The art of hedge laying...

I've really become keen on using local (read: free stuff growing on my property) materials to construct various projects on the new farm - fences, chicken house, carport, small guest cabins, etc.  I'm sure it's becoming a familiar phrase to blog-readers,  however during my research I've discovered the re-emerging art of hedging.

Coming from a very small city in the heart of the Canadian prairie, I had always assumed that a "hedge" was the huddle of cotoneasters delineating our patch of front lawn from that of our neighbour.  As it turns out, hedges have a long and storied history - particularly in the UK, where there is a recent revival of the knowledge, use and construction.  Hedges may vary by style (often geographically), composition, binders/stakes, purpose, etc.

What exactly is a hedge?

A hedge is generally defined as fence or boundary formed by closely growing bushes or shrubs. These shrubs have been cut in such a way as to lay closely together, forming a barrier to livestock, a weather shelters for crops, or to simply provide a pleasing screen from obtrusive visual elements.

Why lay a hedge instead of regular fence?

Although it does take time for plants to become a usable size, this is generally not cost-prohibitive process.  A hedge provides habitat for birds, small mammals and insects.  Hedges are a living structure, using unprocessed materials which are not chemically treated or otherwise poisonous to the environment and being composed of natural materials present in the landscape and they are generally quite aesthetically pleasing.

All of these benefits aside, hedge laying is not a quick and easy task.  It takes time for plants to grow to a useable size and the construction of the hedge can be quite daunting - particularly if you have hundreds of metres to construct!  Luckily, there are some pretty fantastic online resources for history, materials and construction - google "hedge laying" and there are thousands of websites and videos available.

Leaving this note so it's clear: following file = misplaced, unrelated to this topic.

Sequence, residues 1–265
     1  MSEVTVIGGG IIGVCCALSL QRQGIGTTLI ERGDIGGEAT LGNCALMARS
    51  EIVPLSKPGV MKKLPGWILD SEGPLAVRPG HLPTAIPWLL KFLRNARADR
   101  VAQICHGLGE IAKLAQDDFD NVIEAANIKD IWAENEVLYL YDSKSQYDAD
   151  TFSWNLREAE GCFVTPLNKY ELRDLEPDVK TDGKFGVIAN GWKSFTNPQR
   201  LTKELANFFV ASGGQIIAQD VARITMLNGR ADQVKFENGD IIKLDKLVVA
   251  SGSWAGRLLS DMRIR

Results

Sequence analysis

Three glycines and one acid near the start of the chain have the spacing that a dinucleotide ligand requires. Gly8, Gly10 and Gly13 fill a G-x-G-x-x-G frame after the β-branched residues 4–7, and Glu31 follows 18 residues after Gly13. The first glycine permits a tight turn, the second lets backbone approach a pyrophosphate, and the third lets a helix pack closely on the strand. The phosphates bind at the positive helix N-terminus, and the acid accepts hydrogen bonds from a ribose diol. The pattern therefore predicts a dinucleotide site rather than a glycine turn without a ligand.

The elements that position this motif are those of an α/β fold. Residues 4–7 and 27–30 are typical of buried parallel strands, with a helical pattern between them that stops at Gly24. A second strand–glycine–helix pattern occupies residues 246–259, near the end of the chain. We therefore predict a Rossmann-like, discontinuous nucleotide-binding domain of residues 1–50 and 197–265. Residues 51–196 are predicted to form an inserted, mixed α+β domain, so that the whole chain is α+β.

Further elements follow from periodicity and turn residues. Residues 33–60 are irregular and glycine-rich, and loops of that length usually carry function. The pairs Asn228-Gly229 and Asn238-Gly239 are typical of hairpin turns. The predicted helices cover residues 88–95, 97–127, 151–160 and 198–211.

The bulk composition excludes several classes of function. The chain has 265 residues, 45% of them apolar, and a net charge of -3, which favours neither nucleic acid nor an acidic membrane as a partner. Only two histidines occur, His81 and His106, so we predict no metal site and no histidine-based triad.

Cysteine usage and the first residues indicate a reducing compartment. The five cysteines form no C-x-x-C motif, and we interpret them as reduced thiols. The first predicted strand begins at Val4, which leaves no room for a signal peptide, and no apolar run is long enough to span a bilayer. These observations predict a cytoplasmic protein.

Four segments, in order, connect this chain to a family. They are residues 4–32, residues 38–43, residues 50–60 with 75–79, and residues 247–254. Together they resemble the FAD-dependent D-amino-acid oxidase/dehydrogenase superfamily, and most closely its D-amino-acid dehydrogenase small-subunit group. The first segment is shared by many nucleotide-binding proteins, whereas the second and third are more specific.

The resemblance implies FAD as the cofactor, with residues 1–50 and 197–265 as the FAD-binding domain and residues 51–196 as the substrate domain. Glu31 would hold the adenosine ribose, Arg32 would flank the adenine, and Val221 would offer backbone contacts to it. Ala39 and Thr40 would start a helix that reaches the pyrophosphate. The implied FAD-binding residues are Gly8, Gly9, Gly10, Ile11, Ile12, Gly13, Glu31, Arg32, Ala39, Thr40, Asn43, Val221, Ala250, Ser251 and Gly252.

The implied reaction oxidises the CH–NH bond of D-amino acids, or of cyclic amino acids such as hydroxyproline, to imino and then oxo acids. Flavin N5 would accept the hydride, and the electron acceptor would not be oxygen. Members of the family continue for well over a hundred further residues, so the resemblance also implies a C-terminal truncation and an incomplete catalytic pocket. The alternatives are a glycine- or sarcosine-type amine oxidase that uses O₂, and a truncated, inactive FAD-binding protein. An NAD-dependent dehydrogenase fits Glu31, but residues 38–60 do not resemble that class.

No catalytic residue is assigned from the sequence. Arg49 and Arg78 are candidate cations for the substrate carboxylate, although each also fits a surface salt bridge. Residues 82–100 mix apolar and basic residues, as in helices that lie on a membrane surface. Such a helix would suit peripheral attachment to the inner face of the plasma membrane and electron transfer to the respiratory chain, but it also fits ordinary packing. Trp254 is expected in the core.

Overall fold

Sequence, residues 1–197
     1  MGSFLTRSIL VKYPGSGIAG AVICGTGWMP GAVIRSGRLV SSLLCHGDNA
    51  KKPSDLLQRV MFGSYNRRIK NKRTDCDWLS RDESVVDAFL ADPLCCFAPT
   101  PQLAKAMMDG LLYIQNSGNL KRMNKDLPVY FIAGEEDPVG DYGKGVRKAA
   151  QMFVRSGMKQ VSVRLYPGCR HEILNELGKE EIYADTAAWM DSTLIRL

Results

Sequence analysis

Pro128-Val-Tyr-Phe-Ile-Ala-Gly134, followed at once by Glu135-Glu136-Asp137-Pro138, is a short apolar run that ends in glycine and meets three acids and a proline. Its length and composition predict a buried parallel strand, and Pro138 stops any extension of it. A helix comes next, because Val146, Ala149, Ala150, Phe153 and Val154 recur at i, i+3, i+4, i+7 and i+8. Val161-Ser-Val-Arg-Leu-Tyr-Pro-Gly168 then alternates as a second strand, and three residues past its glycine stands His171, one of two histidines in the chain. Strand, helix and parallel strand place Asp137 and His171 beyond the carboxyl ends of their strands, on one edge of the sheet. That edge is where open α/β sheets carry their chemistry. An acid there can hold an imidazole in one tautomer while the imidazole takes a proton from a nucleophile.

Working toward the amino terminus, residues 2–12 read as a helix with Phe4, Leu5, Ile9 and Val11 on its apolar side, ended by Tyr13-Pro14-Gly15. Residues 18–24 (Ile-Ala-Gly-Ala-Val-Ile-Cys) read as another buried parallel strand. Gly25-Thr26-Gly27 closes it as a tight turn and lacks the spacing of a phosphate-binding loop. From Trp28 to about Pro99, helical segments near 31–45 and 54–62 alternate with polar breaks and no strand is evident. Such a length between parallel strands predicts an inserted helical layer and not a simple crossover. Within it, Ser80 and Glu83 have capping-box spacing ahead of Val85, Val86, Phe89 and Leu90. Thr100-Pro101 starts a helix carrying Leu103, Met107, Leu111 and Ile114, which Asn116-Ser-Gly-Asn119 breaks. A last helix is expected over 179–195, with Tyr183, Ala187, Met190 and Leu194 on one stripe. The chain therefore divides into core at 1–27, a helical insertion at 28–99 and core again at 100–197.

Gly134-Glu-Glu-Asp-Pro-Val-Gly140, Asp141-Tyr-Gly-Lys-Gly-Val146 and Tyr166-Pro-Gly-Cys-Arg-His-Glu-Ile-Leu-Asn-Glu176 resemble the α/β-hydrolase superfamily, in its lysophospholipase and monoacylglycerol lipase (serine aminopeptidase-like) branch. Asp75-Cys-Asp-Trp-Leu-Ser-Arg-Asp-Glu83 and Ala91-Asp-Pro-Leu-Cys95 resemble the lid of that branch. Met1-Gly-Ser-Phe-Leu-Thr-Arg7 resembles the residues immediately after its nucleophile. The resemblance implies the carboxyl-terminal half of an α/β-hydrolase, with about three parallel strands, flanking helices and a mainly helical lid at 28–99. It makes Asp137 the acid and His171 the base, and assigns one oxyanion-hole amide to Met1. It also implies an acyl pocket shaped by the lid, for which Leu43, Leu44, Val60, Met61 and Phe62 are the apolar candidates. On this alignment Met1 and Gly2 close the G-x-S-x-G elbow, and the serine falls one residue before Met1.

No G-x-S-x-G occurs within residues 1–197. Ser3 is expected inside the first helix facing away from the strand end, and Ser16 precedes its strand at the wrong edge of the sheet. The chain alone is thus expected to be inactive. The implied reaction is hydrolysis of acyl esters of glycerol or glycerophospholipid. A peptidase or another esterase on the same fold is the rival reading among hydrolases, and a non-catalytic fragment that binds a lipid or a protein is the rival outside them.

Our priority upon arriving at the property will be to construct two separate containment areas - one for the boy and one for the dogs.  Alders are quite common in the area and are prolific behind the proposed house site.  These alders will likely form the basis of my first hedge experiment.  If all goes well, and once we have a feel for the property, I will likely start planting with an eye to contain future livestock.

I wish I'd known all this when we lived in Wolseley, as the quarter-acre property we purchased there was entirely surrounded by severely neglected lilacs and maple suckers - both of which would have been perfect material for a dog-containing, perimeter fence.

As an aside - did you also know that the Nova Scotia government will provide land owners with spruce and pine seedlings for reforestation? Minimum order is 1 000 plants and are available for as little as .14/ea! 


  1. Saskatchewan has a similar program for farmers in an effort to create windbreaks and prevent soil erosion, although it's a mish mosh of foliage that includes lilacs, elms, apple trees, etc. Here's a little tip I learned from a farmer friend: if you contact them on the last day of the program and say "if you have any extra trees you need to get rid of, let me know" you may just find yourself with several thousand plants... for free. Thus proving the old adage that you can, indeed, have too much of a good thing.

  2. Sadly the SK gov't got rid of the Shelterbelt program this year, I believe. I did check into it - but you also had to actually have a farm (no kiddin')!

    My sister's boyfriend's family has a farm, and volunteered to get us some plants, but alas the program had already been discontinued! This is sad for us, but even more so for SK farmers who need shelter from the constant winds.